iiiAin’t that a lovely point? Remember: it is not the potential of you being in Cleveland that actually moves you there. Something actual must do that. Actualities fulfill potentialities.

ivLinger over this one, dear reader. What is necessary must be.

vThis follows from God being unchanging.

viI adore these kinds of proofs. Once you understand what a infinite regression truly implies, understanding dawns brightly. The “base” of all must be actual and not in potential. Must be. St Thomas calls this “base” God. We still haven’t felt why he does this, but we’re getting closer.

Next installment.

[1] Ch. xiii.
[2] Ch. xv.
[3] 3 Phys. i. 6.
[4] Ch. xiii.

Gibbon (And O’Brian) On Too Many Lawyers


This is Gibbon, quoted in Patrick O’Brian’s The Reverse of the Medal by the character Dr Stephen Maturin, who then speaks:

‘”It is dangerous to entrust the conduct of nations to men who have learned from their profession to consider reason as the instrument of dispute, and to interpret the laws according to the dictates of private interest; and the mischief has been felt, even in countries where the practice of the bar may deserve to be considered as a liberal occupation.”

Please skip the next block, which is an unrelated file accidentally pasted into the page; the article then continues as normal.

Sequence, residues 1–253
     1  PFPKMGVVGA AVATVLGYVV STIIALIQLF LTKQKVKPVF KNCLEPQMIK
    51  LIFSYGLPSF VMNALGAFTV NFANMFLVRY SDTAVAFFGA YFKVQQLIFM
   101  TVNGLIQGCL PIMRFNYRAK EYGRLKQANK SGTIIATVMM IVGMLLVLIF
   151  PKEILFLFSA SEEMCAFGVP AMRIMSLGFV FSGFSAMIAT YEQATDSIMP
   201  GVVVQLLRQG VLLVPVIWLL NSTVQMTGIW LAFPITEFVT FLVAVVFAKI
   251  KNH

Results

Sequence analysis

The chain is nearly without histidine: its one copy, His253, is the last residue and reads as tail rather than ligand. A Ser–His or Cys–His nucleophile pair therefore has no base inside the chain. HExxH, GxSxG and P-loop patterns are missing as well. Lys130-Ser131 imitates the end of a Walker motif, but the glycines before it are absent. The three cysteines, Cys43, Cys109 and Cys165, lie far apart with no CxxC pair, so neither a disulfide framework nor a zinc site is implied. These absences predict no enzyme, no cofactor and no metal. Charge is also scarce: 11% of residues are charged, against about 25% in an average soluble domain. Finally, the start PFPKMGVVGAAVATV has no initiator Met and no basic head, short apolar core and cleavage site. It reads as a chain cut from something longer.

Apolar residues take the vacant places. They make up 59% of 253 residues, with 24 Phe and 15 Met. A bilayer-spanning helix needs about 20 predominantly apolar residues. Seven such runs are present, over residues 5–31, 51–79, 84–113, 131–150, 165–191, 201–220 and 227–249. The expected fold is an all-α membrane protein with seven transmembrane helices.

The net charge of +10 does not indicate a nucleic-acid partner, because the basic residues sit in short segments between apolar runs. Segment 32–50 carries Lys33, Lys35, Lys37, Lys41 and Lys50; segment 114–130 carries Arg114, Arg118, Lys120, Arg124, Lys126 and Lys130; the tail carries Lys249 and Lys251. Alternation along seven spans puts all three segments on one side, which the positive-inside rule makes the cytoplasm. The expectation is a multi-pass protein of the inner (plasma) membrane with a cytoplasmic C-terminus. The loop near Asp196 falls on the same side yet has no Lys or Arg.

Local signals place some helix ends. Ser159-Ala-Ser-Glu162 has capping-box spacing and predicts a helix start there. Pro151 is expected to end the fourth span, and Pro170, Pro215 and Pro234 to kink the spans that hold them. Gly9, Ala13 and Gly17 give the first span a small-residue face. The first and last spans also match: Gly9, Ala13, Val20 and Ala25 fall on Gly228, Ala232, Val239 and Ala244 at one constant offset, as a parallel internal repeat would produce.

‘He thought—and he was a very intelligent man, of prodigious reading—that the fall of the Empire was caused at least in part by the prevalence of lawyers. Men who are accustomed over a long series of years to supposing that whatever can somehow be squared with the law is right—or it not right then allowable—are not useful members of society; and when they reach positions of power in the state they are noxious. They are people for whom ethics can be summed up by the collected statues.’